Perhaps the first co-operative shop in Scotland was set up as early as 1769 when sixteen handloom weavers in the Ayrshire village of Fenwick clubbed together to buy food provisions for sale to its members. Other early co-operatives were soon established in Govan, Kirriemuir, Arbroath, Kilmarnock and Bridgeton in Glasgow. The main purpose of these early co-operatives was to provide affordable goods to the working classes and they were treated with suspicion by the authorities at a time when unions or combinations were illegal.
In the Falkirk area the largest workforce was that of the Carron Iron Works which was accustomed to innovation and change. It is not surprising that a group of them should come together in 1825 to form the Carron Victualling Society as a sort of Joint Stock Company which then formed the backbone of the Scottish economy. New legislation in 1850 – the “Industrial and Provident Societies Act” made it easier to establish such businesses and by then the Rochdale Co-operative was advocating the system. From 1860 onwards there was a flood of new co-operative societies. In our area many of these were set up by colliers to break the truck system whereby men working in a pit bought their provisions from the pit shop and became indebted to the pit owner as a result. In most cases these working class men and women were strongly supported by principled members of the middle class – men who had only recently made it in industry themselves.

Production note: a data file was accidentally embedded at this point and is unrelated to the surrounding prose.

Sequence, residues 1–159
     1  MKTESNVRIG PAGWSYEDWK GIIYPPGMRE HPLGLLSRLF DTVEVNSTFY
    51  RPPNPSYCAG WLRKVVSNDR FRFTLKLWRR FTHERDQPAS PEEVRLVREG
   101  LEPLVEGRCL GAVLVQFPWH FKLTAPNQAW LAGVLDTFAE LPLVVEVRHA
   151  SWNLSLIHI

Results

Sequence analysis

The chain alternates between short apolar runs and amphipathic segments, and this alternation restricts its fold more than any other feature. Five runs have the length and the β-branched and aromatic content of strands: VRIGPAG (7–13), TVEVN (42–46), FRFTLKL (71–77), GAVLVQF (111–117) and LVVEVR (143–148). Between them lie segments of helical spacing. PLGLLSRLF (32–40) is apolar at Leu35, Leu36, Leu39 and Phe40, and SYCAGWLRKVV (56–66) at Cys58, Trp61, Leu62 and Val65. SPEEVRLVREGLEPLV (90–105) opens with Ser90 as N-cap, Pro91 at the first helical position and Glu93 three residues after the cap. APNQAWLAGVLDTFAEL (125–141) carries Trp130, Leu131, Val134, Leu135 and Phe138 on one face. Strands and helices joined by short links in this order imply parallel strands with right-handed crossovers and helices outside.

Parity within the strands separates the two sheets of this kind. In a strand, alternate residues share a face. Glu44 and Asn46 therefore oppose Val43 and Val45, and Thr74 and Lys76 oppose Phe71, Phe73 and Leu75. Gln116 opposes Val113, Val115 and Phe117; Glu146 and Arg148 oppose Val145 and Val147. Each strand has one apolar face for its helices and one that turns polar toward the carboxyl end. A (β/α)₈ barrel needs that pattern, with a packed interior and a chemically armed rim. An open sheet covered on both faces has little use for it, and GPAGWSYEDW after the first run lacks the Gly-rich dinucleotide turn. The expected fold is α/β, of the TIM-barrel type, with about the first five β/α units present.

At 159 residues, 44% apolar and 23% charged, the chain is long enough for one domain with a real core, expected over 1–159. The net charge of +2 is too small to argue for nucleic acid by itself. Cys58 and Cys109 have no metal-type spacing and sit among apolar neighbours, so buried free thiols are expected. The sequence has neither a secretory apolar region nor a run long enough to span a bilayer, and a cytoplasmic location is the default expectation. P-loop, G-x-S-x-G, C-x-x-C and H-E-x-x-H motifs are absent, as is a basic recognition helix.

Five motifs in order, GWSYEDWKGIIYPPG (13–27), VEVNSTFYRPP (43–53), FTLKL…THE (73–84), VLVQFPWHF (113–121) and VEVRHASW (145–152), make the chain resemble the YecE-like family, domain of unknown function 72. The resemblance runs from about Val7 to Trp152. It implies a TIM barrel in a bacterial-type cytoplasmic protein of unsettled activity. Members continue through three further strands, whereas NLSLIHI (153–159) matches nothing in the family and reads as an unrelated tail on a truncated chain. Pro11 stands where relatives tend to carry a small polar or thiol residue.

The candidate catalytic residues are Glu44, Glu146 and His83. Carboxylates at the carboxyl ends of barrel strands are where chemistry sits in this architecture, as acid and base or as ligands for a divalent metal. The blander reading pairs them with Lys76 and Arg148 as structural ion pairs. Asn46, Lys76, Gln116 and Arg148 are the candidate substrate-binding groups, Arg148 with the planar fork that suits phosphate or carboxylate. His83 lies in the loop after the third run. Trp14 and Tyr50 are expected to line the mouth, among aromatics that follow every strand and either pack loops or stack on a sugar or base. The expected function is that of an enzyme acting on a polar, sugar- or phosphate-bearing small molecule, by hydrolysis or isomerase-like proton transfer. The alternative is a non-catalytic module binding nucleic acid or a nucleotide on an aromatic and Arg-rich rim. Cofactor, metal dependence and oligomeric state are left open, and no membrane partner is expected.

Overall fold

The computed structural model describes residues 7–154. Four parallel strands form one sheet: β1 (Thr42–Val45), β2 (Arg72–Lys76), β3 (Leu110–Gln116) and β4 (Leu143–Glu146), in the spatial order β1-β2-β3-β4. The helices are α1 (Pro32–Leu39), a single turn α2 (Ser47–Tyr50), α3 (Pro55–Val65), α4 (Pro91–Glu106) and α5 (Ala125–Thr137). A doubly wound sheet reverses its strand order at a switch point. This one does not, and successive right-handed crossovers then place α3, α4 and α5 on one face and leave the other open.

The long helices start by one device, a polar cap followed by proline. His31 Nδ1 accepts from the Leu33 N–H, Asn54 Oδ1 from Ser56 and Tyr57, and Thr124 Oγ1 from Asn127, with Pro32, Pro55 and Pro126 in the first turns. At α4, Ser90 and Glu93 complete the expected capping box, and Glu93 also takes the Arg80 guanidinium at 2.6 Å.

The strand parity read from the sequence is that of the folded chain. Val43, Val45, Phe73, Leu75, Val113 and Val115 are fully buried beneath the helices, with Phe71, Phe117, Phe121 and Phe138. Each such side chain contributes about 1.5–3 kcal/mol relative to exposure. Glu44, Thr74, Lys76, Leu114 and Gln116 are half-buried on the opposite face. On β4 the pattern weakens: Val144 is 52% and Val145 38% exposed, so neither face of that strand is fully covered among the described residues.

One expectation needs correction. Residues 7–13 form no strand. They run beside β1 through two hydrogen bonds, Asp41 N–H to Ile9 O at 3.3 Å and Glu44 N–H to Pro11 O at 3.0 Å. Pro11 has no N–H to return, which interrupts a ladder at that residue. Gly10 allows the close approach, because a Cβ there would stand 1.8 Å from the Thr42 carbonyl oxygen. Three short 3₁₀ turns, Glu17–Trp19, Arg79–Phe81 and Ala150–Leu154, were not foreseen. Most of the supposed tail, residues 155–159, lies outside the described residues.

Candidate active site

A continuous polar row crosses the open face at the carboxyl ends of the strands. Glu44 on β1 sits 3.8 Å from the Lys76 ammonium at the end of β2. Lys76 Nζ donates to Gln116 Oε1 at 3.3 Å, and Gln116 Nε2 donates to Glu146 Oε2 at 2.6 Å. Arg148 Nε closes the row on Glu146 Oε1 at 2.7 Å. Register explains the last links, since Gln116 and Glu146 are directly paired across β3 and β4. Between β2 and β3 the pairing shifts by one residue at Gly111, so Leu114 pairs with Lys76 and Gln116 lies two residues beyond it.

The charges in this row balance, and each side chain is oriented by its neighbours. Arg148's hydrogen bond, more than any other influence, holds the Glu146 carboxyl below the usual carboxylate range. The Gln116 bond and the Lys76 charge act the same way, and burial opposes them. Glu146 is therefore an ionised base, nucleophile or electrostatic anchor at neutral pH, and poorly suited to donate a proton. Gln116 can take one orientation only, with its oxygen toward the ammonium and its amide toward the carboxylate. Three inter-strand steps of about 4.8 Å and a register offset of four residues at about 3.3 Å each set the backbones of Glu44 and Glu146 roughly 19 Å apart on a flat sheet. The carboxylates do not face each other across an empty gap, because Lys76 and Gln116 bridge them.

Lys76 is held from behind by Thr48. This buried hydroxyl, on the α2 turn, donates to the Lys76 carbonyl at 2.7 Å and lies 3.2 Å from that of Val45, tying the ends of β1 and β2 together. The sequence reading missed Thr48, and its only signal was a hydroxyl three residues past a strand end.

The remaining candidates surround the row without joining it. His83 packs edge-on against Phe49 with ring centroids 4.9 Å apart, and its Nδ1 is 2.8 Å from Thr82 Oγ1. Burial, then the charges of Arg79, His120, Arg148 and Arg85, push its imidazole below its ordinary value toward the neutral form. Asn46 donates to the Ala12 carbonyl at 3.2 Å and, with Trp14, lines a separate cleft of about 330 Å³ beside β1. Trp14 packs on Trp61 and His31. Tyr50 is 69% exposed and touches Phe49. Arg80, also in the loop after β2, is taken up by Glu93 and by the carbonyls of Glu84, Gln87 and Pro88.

The co-operative societies in the Falkirk district include:
|Alloa (Airth) 1862 *||Grangemouth|
|Bonnybridge 1863*||Laurieston 1871 *|
|Camelon 1857*||Longcroft 1873 *|
|Carron 1825 *||Redding 1861 *|
|Denny||Slamannan 1861 *|
|Grahamston & Bainsford|
Many of these societies donated money to, or took out shares in, new societies as they were set up, creating a virtuous circle.
As well as these retail outlets there were two national production centres in the Falkirk area associated with the Scottish Co-operative Wholesale Society – the soapworks at Grangemouth and a pottery at Bo’ness.
Each of the co-operative societies in the Falkirk area was unique. Up the Braes and at Longcroft, Bo’ness and Airth, the societies were dominated by colliers and the society’s fortunes fluctuated according to the state of the mining industry. Colliers soon found that money invested in good times could be called upon in times of dire straits and often referred to the local co-operative as their “savings bank”.
We are not able to provide individual histories of all of the above named societies at the moment, but we have made a start. Those marked with an asterisk have short histories which may be found on this website.